Once you have made your traces, you must then find ways to connect different "components" together. Good connections should be tight, robust and tidy, making sure that they don't break or short your circuit unexpectedly.
There are two primary modes of connecting: soft-to-soft, where both things being connected are flexible and stretchable, or soft-to-hard where you are connecting a soft material to a rigid material (e.g. a thread to an Arduino). Soft to hard connections are typically more prone to error than soft to soft.
There are already really great online resources that show a variety of techniques such as Kobakant's overview of connection techniques and detailed descriptions of many methods in their "Connections" category. There are also many techniques in this summary produced by e-textiles summer camp 2017.
Some soft materials can be directly soldered to or soldered upon, allowing for more complex geometries and tightly packed connections. In non-wearable applications, I have had luck twisting a conductive yarn around a looped stranded or solid core wire, and soldering the wire to itself (catching the thread in between).
Soldering to headers from a fabric using a pocket structure:
When you have conductive materials integrated into your textile structure, one simple possibility is to simply integrate traditional wires into the structure so that the structure, itself, holds the materials in close contact. This is what I did in this project, essentially twisting soft and more sturdy wires together at weaving time. In a different project, we soldered silicone coated wires directly to an arduino pro mini and then integrated the arduino into a pocket within the woven structure, then wound the edges of the wire and yarn together within the fabric itself. You can see the FTDI connector pocking out of the fabric below, with the black wires routing through the structure.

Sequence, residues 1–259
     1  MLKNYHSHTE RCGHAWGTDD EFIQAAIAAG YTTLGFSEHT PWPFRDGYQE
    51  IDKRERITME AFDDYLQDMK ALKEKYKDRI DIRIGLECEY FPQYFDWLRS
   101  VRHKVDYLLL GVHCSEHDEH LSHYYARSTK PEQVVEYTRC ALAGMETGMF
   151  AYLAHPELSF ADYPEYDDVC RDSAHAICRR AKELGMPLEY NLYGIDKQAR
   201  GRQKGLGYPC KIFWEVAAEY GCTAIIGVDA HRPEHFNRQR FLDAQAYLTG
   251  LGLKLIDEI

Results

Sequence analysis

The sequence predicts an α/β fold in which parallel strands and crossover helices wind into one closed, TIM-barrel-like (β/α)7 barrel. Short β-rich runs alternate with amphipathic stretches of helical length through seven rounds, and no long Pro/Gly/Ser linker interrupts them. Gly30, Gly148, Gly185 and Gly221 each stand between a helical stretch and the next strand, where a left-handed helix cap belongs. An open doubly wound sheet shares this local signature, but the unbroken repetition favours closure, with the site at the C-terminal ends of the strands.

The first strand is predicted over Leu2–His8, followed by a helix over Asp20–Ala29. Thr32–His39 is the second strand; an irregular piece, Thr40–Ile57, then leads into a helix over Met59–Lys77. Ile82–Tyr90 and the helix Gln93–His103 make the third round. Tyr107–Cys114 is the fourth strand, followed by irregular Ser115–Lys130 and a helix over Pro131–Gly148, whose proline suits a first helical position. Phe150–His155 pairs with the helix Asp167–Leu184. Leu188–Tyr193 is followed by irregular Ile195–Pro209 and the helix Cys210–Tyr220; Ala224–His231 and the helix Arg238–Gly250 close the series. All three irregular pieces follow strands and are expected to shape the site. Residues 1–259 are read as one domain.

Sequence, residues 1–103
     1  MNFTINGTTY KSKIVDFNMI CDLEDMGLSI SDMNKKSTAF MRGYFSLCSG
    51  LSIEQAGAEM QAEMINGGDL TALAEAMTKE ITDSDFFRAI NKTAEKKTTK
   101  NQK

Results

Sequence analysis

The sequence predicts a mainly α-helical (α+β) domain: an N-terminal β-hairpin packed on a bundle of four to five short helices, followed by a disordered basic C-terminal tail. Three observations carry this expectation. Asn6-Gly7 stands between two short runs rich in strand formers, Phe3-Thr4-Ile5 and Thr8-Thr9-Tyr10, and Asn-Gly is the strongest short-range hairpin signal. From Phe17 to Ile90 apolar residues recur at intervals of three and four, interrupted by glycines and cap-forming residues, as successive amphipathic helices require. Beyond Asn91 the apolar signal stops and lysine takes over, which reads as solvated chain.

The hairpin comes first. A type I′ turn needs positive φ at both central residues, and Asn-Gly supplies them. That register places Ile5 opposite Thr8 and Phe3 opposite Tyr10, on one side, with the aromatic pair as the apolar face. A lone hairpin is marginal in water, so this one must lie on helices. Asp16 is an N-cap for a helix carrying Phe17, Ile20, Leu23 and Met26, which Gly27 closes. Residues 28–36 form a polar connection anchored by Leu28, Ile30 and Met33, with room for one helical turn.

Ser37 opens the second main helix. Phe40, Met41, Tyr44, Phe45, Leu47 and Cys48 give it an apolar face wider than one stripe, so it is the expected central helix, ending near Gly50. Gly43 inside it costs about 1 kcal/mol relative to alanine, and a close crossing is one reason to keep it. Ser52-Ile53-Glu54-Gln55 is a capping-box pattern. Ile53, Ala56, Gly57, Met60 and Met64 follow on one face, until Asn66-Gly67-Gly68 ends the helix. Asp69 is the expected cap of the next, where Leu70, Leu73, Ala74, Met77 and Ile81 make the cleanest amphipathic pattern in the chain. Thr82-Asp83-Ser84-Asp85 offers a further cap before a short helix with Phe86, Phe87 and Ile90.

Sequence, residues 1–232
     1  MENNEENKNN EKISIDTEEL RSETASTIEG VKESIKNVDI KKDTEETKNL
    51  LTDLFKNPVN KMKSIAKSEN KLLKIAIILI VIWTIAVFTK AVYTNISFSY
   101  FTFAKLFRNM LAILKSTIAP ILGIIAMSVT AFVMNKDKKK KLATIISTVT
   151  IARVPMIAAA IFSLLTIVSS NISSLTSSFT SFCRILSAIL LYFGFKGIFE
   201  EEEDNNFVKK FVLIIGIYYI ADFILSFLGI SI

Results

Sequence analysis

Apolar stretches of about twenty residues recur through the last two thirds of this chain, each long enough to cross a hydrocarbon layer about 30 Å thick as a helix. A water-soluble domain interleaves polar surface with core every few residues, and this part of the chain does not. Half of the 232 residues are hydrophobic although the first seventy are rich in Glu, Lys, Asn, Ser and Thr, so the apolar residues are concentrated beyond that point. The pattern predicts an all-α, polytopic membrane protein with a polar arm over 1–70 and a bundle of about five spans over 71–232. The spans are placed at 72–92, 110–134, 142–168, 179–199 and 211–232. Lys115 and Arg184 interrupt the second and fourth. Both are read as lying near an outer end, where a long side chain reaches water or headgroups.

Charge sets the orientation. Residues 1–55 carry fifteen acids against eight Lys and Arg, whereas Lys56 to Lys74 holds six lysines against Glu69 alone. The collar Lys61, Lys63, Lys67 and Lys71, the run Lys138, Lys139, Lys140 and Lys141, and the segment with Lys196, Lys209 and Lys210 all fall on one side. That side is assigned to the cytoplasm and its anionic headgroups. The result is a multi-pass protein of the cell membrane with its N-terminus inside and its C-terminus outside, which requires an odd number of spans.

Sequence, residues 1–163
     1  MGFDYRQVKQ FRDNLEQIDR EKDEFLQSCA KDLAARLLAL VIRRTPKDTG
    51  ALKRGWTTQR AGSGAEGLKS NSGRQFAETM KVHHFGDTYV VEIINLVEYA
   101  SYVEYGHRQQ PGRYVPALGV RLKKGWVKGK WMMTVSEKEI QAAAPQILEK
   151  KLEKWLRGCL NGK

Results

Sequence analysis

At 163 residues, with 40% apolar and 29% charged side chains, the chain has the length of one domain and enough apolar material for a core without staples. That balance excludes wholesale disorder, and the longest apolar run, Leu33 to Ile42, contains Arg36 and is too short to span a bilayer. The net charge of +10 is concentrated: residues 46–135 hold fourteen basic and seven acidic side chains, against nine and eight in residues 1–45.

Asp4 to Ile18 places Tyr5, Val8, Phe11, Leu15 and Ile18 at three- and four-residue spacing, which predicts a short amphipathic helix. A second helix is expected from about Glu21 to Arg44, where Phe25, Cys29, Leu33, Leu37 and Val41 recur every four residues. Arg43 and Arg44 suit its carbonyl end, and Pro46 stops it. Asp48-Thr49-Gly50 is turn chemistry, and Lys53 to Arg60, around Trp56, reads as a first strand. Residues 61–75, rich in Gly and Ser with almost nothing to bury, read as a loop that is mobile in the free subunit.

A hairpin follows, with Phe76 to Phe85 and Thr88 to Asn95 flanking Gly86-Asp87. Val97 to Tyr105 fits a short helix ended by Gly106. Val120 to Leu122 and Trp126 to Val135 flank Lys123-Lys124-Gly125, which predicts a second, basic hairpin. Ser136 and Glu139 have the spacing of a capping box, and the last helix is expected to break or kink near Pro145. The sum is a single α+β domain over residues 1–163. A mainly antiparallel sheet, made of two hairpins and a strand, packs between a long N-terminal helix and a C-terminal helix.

The first method can be simply knotting materials together. In soft-to-soft, this can be as simple as typing a weavers knot, ensuring it will remain tight, and then trimming long ends to ensure against shorting. In soft to hard connections, one typically can knot around the through-hole of a hard component. In this case, it can be wise to coil the material through the hole a few times to ensure good contact between the metal fibers in your soft material and the metal connections on the component you are connecting to. Frequent method of using knots include knotting conductive material around a metal snap and on the other side of the metal snap, soldering on a wire.
Temporary Connection Methods
There are also alternatives to using something like alligator clips when testing your circuit by using materials, like pins and clips, that have been designed to hold to textile structures.
Irene Posch's Collection of Handmade Connectors for Soft Electronics:
Adapted Seem Ripper:
|Combing and Carding|
|Plying||Plying the connecting materials together or plying one material around another|
|Braiding||Braiding the connecting materials together in sheath or connecting core and sheather|
|Embroidery||Embroidering directly into the through-holes of hardware.|
|Felting||Connecting with needle or wet felting?|
|Sewing||Sewing and knotting is most common or sewing onto snaps and snapping together.|